Maine MEP Lean Energy Project Cuts Costs for US Felt
Sanford-based manufacturer responds to economic downturn with process improvements and efficiency gains
SANFORD, ME - Faced with the challenge of responding to the nation’s sustained economic downturn, U.S. Felt adopted a strategy that embraced change. To achieve immediate cost reductions, the Maine-based manufacturer adjusted its production cycle to the decreased demand and reduced the employee work week at its Sanford facility from five days to four. But company managers recognized that cutting costs were only one part of solution; they also needed to examine whether production efficiencies could be improved. To help with that initiative, U.S. Felt sought the assistance of the Maine Manufacturing Extension Partnership (Maine MEP).
After meeting with company managers and reviewing the Sanford facility, Maine MEP project managers proposed that U.S. Felt participate in MEP’s Lean Energy and Environment pilot program. The program was developed over the past year by Maine MEP and its New England MEP counterparts to specifically help energy-intensive manufacturers. The program pioneers a new approach to energy efficiency by integrating energy and environmental metrics into the lean manufacturing methodologies traditionally employed by MEPs. Unlike conventional energy audits, the Lean Energy and Environment program identifies manufacturing process inefficiencies that, when improved, can reduce, reuse or eliminate the need for energy in the first place.
“The Lean Energy and Environment program provides an opportunity for companies like U.S. Felt to analyze their energy consumption and identify ways to reengineer production processes to reduce energy use. Energy savings often are surprisingly large. At a time when revenues for many firms remain flat, cutting energy costs is one way manufacturers can improve their bottom line,” said Bob Doiron, Maine MEP project manager.
U.S. Felt proved to be a prime example of how the Lean Energy and Environment program can help Maine manufacturers permanently cut costs by reducing electricity usage and aggressively attacking their waste stream.
The project began with employee training sessions that laid out the Lean principles underlying the new approach to energy and environmental savings. The project team decided to target the company’s wet side process for a Value Stream Mapping exercise, because that process requires large amounts of energy, steam and water and generates approximately 80 percent of the company’s revenue. Bringing in an energy auditor and environmental specialist, the MEP project team brainstormed ways for reengineering the production process to reduce both energy usage and waste products.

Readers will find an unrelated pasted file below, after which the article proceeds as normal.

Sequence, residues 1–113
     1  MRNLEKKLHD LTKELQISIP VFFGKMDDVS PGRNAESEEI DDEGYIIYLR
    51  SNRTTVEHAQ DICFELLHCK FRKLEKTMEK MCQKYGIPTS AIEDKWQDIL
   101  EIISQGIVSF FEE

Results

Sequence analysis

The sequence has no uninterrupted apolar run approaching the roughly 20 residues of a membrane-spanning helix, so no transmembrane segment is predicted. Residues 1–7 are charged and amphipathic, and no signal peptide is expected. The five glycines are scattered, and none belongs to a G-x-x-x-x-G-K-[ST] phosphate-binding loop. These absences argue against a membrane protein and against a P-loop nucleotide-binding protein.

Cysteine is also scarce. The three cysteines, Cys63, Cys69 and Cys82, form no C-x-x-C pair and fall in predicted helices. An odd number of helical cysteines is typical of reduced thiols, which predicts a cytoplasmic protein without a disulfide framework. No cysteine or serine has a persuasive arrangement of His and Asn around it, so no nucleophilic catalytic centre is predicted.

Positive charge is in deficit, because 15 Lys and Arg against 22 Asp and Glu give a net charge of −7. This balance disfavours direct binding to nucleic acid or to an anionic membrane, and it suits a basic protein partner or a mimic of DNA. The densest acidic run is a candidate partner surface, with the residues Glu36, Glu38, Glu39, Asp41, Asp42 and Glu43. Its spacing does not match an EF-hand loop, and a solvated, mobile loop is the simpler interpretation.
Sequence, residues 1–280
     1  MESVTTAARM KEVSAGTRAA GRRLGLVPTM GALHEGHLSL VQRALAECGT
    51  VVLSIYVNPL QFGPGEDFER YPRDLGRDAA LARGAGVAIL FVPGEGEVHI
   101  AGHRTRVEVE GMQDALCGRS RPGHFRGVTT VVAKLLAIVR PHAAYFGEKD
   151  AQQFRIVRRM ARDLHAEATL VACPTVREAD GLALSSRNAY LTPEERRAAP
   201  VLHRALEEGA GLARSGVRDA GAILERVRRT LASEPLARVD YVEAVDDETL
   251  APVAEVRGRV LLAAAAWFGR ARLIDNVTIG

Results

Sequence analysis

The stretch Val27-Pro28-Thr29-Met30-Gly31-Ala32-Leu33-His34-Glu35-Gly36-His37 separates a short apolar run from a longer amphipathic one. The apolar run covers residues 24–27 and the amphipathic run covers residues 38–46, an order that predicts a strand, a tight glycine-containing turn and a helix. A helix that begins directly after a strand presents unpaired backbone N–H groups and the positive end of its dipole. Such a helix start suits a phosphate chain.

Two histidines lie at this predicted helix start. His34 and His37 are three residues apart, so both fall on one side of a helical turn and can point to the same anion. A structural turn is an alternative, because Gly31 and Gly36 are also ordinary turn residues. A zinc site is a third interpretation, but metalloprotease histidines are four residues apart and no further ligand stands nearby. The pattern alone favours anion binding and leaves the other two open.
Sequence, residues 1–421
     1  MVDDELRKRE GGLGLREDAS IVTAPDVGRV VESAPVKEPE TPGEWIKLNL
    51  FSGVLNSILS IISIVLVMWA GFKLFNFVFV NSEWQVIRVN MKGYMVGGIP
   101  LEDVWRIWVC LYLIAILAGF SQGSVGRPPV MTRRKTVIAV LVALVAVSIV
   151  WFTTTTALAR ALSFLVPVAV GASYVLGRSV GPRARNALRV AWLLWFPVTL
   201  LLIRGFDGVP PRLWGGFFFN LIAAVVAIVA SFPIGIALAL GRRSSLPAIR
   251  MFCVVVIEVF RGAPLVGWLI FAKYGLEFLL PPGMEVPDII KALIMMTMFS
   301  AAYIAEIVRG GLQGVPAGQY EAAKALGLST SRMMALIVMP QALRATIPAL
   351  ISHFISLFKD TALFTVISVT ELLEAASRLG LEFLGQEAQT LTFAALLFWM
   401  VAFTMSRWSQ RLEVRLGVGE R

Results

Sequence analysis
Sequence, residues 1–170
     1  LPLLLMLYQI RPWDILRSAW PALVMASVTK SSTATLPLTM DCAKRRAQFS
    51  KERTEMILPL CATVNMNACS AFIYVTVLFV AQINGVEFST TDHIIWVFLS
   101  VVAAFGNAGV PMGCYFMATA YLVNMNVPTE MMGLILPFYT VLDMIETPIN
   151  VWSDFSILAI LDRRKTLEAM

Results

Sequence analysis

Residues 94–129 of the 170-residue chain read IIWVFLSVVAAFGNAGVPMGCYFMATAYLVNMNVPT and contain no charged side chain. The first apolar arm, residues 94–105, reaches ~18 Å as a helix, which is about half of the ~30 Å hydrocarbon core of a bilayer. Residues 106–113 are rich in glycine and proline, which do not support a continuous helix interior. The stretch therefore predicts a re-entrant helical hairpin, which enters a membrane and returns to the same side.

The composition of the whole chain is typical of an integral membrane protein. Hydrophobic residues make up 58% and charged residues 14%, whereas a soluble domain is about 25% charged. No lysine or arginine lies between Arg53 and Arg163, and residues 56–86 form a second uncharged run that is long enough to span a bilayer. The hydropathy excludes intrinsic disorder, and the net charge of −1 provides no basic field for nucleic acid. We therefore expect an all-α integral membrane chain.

The results were impressive. The project team succeeded in reducing the felt waste stream by 50 percent, greening the production process and saving thousands of dollars in production costs. They reduced natural gas and electricity consumption by improving the efficiency of the boiler system and the material dryer and by introducing electricity-saving devices. They fixed air compressor leaks and made lighting changes, both of which achieved significant energy savings. In total, the energy conservation and environmental improvements achieved annual cost savings of $30,000.
The MEP project team also addressed front-end process improvements by conducting a kaizen event with employees. The kaizen event reduced redundant paperwork by 25 percent, cut work order errors by 15 percent, and cut work order corrections from 30 percent to 3 percent. These efficiency improvements resulted in the more productive use of human resources, and typically impact the balance sheet through cost savings and increased customer satisfaction.
“The MEP Lean Energy and Environment project played a significant role in helping us achieve cost savings,” said U.S. Felt President Vin Boragine. “In these tough economic times, our company has had to become more internally focused. With Maine MEP’s assistance, we brought together a team that identified ways of cutting energy costs while greening our production process and improving our utilization of resources. The project promoted an internal dynamic of collaboration that was good for our employees, good for the environment and good for our bottom line.”